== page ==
Hackers expose Russian intelligence agency's secret internet projects in 'the largest data leak' the group has ever faced
- In what BBC Russia says is possibly "the largest data leak in the history of the work of Russian special services on the Internet," hackers stole 7.5 terabytes of data from a major contractor of Russia's Federal Security Service.
- On July 13, hackers targeted a Moscow information technology company, "Sitek," or SyTech, and defaced the company's homepage with a " Yoba Face," a fixture of Russian internet slang that denotes trolling.
- The hackers relayed data to journalists that detailed several secret Russian internet projects, including Federal Security Service attempts to de-anonymise Tor browsing, scrape social media sites, and split the Russian internet off from the rest of the world.
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Russia's principal security agency, the Federal Security Service (FSB), was targeted by hackers in what BBC Russia reports is possibly "the largest data leak in the history of the work of Russian special services on the Internet."
On July 13, hackers operating under the name "0v1ru$" breached a major information technology contractor of the FSB, the Moscow company "Sitek," or SyTech, and stole 7.5 terabytes of data. For reference, a terabyte can hold 200,000 5-minute songs, or 500 hours worth of movies.
The hackers defaced the company's homepage with a "Yoba Face," a Russian meme that denotes trolling, along with pictures that showcased evidence of the breach. The 0v1ru$ hackers passed the data along to a larger, more well-known hacking group Digital Revolution, which has targeted the FSB before.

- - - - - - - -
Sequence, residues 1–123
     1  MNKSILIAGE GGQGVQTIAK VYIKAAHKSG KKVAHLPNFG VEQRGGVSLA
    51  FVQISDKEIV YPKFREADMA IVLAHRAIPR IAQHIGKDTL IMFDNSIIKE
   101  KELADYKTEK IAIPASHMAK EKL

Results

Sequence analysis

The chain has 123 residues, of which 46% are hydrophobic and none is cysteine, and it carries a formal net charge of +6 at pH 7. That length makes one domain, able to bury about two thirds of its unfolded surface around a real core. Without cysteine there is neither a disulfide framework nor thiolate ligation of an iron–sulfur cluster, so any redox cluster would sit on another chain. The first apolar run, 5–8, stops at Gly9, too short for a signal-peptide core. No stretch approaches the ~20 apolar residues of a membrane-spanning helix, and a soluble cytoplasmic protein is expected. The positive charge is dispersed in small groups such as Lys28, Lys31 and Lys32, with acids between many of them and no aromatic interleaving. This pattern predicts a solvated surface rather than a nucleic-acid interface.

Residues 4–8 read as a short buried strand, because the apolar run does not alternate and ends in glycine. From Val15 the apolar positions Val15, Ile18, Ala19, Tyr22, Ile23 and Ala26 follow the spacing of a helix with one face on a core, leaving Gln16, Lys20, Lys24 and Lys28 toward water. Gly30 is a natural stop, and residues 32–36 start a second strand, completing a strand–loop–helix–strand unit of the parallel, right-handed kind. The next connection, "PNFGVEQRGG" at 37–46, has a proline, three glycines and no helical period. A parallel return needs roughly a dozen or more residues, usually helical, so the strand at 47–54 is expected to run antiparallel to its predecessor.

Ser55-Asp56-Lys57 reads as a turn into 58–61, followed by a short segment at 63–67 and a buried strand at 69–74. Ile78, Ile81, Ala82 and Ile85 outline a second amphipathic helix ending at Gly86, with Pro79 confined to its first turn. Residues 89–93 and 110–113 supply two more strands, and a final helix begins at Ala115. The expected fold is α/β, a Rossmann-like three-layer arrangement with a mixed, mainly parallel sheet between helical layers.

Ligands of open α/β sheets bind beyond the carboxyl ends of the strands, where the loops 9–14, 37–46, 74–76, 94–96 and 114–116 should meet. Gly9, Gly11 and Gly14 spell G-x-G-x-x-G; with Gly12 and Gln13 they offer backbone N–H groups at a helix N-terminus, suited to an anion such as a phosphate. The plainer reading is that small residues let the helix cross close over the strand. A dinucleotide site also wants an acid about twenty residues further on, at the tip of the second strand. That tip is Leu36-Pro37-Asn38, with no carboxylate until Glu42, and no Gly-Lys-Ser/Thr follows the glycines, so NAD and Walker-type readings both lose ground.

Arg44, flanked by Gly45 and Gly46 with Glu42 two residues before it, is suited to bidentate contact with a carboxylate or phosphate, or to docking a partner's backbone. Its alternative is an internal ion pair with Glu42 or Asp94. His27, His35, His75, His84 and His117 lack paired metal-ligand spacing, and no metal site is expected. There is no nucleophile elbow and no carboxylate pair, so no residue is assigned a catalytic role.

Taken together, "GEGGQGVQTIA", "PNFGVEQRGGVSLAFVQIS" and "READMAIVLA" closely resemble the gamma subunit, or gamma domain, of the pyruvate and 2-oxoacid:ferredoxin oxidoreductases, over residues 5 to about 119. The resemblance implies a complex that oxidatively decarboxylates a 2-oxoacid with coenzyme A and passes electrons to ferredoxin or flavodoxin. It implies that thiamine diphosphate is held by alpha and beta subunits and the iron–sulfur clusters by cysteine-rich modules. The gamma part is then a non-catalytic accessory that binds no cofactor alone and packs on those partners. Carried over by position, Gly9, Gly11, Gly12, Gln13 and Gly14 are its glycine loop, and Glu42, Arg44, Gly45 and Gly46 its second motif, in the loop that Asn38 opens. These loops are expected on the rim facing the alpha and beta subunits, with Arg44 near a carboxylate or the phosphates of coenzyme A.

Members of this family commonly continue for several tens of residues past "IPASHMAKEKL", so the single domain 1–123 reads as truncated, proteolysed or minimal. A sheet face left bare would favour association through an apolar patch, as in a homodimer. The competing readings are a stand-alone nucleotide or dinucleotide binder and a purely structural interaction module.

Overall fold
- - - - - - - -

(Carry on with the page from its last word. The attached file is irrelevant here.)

It is unclear whether 0v1ru$ is directly affiliated with Digital Revolution, but the latter passed the data along to media organisations and tweeted notable discoveries, suggesting that the FSB rename its activities "Project Collander" after the breach.
While the magnitude of the breach may be historic, the data unearthed projects with goals that were already known or suspected, Forbes reported. Nonetheless, the names, affiliates, and targets of the project were kept secret prior to the hackers' breach.
The unearthed cyber projects included at least 20 non-public initatives, and 0v1ru$ also released the names of the SyTech project managers associated with them. BBC Russia reports that none of the breached data contains Russian government secrets.
Projects referred to as "Nautilus" and "Nautilus-S" appear to be attempts to scrape social media sites for data extraction, and to identify Russian internet users who seek to access the internet anonymously via Tor browsers that withhold users' locations. Forbes reports that the "Nautilus-S" projects is believed to have made progress since its initial launch in 2012, under FSB's Kvant Research Institute.
Project "Mentor" appears to focus on data collection from Russian enterprises, while "Hope" and "Tax-3" appear to relate to Russia's ongoing initiative to separate its internal internet from the world wide web.
Russian President Vladimir Putin previously signed provisions for an initiative to ensure that the Russian internet could operate independently from the world wide web in the event that it was disconnected for any purpose, internal or otherwise.
BBC Russia reports that SyTech's projects were contracted under the signals intelligence division of the FSB, the same group that was accused of emailing spyware to Ukrainian intelligence officials in 2015.
Digital Revolution claims that it passed the breached data onto media organisations without editing or altering any of the information. The 0v1ru$ group is seemingly unknown, and has not released any further comment since the breach. The FSB has not commented on the matter.
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